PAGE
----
Cherries are starting to bloom.Although still chilly, the morning sun was strong enough to begin heating these hard cases up.The bulbs and corms, of course, are bursting with stored-up goodness. Dark-eyed Junco, a winter bird, still hanging around.
Two weeks ago, when I was last in Green-Wood, the cemetery was all about the Common Raven, vocalizing basso profundo. I neither saw nor heard it today. Bereft of a mate, has it flown the borough? Mockingbirds, Jays, and Robins were making all the noise this morning. I noted two dozen species, with the highlight being my first Golden-crowned Kinglet of the year, and three Tree Sparrows. Japanese Andromeda.
And half-a-dozen or so Red-winged Blackbirds, bringing the area around the Terrace Bridge to sudden, raucous life with their insistent “I am now here!” vocalizations: Check!
It was interesting to observe these birds, all males. Two at the feeders presented variations in plumage, with one bird sill having some of its juvenile brown-speckled feathers, and one the sumptuous color of midnight, a rich, glossy black, popping with red shoulder epaulets.
This was all yesterday in Prospect Park: sure signs of spring
Published November 21, 2012
Tags: Hudson, plants
Published November 17, 2012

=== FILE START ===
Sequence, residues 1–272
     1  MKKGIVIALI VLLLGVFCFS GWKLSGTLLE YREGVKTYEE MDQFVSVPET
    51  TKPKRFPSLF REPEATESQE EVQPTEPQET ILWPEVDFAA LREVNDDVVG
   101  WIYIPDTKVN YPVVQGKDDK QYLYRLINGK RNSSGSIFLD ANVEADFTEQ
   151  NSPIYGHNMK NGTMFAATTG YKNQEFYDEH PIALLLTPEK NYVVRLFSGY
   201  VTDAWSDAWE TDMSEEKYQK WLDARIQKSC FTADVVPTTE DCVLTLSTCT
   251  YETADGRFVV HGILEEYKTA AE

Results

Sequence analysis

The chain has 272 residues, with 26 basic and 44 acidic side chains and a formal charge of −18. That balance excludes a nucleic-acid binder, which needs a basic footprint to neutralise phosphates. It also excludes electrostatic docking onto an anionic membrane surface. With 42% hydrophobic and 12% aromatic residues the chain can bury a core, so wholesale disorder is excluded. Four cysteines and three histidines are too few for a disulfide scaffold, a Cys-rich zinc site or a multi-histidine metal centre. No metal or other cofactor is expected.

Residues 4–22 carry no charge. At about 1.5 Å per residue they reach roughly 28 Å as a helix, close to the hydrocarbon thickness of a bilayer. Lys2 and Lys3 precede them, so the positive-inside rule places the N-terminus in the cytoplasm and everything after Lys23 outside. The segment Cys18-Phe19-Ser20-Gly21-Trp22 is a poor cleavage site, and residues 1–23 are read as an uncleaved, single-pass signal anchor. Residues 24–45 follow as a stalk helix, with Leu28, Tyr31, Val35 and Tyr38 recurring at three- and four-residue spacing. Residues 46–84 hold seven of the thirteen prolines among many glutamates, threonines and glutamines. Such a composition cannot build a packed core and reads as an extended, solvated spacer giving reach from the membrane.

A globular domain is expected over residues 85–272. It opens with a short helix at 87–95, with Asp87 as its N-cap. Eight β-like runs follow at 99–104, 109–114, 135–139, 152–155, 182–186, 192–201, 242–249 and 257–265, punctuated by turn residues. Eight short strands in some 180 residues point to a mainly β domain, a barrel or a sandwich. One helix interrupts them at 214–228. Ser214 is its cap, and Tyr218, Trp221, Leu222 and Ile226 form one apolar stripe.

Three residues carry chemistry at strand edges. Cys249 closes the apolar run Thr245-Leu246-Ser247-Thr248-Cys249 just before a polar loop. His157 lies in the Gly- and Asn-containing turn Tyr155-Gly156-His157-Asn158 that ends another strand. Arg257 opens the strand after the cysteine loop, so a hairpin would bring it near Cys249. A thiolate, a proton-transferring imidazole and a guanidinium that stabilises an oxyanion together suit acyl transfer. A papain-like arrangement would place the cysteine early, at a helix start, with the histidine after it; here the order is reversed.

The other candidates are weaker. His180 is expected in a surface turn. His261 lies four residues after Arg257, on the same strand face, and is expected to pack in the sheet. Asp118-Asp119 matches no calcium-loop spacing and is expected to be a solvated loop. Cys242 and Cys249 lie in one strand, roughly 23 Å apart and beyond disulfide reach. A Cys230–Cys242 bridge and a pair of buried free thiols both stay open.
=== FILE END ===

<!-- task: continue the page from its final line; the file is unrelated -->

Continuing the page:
Tags: Brooklyn, plants
Some phragmites, and at least one, maybe two, other species have colonized this old whatever-it-is high above the D train at 9th Avenue, Sunset Park.
Update: This structure is part of Bay Ready Mix Concrete.
The Furman Street rooftop cattail mini-garden is still going strong. Diagonal roof line necessitated by your blogger not wanting to venture too far out into Furman Street’s under-the-BQE dragstrip raceway.
The cattails (Typha angustifolia) are as high as an elephant’s eye. In fact, one of the gardeners was actively clearing some of these out, saying they were growing outwards and the goldenrod was growing inwards, and without care there would not be any pond after too long. Butterfly weed (Asclepias tuberosa), my favorite milkweed family members.Some galls on an Eastern Cottonwood.The fenced path between completed sections (Piers 1 and 6) passes through a construction zone and some remnants of the former wilderness found along these piers. Queen Anne’s Lace, Daucus carota, among others.
Also: a fledgling Common Grackle being being fed by its bright-eyed parent, near the bathing hole used by at least half a dozen bird species throughout the day (fresh water is vital to birds for drinking and bathing). I spotted a Painted Turtle, which I then learned was recently introduced. Three species of ladybugs, which I’ve saving for a future post, and two species of very colorful aphids (likewise). Pier 1, incidentally, is a good places this time of year to be relatively close to Barn Swallows, who zip over the ponds and up to the Promenade and back in their acrobatic insect-hunting.
Published April 16, 2012
Tags: Brooklyn, plants
The Rock of Repose holds back the line of advancing Common Mugwort (Artemisia vulgaris). This sneaked in under the fence from the Mugwort/Knotweed jungle beyond, but you can find it everywhere in the city as it advances to cover the globe. I’ll say one thing for it: fresh (and uprooted) and dried out (in winter), it does smell good.